Eighty four national and international humanitarian agencies on Monday expressed their concern over the response of the Malaysian government to threats of violence and ‘hate speech’ directed at ethnic Rohingya refugees and asylum seekers in Malaysia.
They have expressed concern in a joint statement sent to the Prime Minister of Malaysia.
Among others, the list of organizations jointly signed the statement includes COAST Trust, Cox's Bazar CSO NGO Forum (CCNF), Amnesty International Malaysia, CIVICUS: World Alliance for Citizen Participation, International Federation for Human Rights, Fortify Rights and Human Rights Watch.
The statement says, starting in the third week of April 2020, hateful messages targeting the Rohingya community in Malaysia have proliferated on social media platforms. Many posts included discriminatory and dehumanizing language and images as well as calls for Rohingya in Malaysia to be forcibly returned to Myanmar. Online users threatened prominent Rohingya activists, as well as their supporters, with physical attacks, murder, and sexual violence, according to a press release.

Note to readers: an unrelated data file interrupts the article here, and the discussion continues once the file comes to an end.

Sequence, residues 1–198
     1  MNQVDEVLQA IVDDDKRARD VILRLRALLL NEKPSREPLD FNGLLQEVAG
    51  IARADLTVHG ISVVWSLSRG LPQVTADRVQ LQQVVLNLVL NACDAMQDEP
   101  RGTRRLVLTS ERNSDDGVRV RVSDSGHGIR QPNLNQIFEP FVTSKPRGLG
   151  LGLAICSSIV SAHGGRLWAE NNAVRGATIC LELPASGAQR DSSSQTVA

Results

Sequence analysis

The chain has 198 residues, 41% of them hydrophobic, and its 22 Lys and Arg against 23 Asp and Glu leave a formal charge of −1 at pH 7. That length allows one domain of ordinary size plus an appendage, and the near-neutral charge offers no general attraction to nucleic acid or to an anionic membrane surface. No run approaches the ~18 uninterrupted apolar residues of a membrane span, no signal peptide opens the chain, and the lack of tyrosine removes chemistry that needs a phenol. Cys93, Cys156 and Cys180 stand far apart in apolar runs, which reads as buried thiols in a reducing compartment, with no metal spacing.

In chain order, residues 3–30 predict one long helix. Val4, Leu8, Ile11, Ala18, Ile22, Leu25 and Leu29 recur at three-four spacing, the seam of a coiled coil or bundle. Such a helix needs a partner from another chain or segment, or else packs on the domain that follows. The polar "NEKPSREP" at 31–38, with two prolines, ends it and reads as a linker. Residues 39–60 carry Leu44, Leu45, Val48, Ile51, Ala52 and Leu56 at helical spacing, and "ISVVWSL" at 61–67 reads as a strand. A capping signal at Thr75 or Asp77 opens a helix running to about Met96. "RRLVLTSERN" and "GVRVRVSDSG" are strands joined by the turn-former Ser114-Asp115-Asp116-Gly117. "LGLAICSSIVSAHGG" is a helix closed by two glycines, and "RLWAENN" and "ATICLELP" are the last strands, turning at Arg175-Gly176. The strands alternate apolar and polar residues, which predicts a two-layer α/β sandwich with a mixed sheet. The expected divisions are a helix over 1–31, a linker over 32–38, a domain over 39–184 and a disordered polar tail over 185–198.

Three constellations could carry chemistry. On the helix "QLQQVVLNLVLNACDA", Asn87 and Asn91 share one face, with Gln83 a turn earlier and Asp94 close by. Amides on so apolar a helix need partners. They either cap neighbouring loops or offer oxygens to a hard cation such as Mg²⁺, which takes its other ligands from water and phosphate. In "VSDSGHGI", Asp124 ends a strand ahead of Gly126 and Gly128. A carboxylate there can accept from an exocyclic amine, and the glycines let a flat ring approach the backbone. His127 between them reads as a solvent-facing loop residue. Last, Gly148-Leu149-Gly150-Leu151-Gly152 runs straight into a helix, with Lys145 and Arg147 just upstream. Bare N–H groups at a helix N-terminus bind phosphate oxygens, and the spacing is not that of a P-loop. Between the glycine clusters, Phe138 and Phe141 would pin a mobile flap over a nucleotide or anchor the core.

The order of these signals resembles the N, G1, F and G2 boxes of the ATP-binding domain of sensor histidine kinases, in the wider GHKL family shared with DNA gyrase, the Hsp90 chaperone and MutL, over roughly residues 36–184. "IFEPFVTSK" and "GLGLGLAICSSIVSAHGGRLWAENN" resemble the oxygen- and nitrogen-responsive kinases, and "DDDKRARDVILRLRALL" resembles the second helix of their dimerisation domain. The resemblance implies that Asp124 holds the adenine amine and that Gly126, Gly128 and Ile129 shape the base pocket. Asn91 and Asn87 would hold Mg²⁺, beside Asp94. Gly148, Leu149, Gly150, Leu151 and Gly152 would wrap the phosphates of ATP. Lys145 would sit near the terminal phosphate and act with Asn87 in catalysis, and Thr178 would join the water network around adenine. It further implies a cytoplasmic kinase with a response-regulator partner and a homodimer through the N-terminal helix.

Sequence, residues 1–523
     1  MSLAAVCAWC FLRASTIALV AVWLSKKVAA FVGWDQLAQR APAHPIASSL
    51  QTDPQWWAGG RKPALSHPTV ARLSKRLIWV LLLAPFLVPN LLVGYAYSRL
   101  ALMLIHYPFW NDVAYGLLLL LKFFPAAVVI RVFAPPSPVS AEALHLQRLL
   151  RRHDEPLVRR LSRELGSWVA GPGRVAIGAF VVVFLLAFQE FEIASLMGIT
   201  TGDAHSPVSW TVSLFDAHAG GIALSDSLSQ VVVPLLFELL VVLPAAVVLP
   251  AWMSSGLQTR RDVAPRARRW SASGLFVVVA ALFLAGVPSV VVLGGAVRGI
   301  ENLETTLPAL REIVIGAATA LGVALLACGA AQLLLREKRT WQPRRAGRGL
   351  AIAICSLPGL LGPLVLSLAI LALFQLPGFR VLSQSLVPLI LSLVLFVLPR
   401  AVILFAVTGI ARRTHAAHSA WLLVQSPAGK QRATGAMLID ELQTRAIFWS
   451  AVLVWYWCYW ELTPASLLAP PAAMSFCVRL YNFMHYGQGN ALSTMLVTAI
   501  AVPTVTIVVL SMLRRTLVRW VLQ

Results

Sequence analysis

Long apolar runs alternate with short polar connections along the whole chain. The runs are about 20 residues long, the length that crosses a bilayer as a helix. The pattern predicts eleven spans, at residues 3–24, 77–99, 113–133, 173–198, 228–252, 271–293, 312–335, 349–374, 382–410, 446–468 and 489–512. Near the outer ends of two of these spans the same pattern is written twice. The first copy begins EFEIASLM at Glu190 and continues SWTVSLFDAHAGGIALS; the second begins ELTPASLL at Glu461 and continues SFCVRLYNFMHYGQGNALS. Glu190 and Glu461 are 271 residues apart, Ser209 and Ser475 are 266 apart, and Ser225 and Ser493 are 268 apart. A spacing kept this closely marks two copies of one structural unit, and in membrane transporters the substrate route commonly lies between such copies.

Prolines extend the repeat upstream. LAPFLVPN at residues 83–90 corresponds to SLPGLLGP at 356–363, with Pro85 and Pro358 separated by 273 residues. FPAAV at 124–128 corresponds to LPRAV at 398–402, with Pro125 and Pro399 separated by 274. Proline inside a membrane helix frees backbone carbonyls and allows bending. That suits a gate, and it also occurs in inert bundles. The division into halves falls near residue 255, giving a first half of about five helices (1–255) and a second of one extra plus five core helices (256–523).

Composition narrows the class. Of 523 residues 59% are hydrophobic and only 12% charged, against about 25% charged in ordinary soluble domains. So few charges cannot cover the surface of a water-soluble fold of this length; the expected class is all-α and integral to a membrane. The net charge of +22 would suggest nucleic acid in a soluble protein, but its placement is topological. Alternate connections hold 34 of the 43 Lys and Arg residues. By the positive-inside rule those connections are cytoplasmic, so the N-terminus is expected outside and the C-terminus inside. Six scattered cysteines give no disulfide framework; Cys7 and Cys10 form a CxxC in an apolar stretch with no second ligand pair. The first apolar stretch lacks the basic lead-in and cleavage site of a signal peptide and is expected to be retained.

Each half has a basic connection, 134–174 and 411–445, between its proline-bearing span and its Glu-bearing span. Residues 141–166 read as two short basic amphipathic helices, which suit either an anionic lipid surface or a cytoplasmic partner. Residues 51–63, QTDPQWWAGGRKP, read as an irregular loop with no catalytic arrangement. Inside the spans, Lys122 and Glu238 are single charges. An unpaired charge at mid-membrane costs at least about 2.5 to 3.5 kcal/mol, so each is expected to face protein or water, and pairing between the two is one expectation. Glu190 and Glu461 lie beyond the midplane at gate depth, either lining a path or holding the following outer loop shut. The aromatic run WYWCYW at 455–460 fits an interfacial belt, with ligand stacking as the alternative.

Organizations jointly signed this statement, also urged the Malaysian Prime Minister to act immediately to address the recent proliferation of ‘hate speech’ and violent threats against the Rohingya community and to ensure that incendiary rhetoric does not trigger discriminatory acts or physical attacks.
The statement places three specific recommendations, included to create an enabling environment for the right to freedom of expression and equality in Malaysia, including bypassing comprehensive anti-discrimination legislation in line with international human rights standards.
Other two recommendation included to Implement positive policy measures to promote equality, non-discrimination, and inter-cultural understanding in line with Human Rights Council Resolution 16/18 and the Rabat Plan of Action, and to ratify the International Covenant on Civil and Political Rights, the International Convention on the Elimination of All Forms of Racial Discrimination, and the Convention Relating to the Status of Refugees and its 1967 Protocol.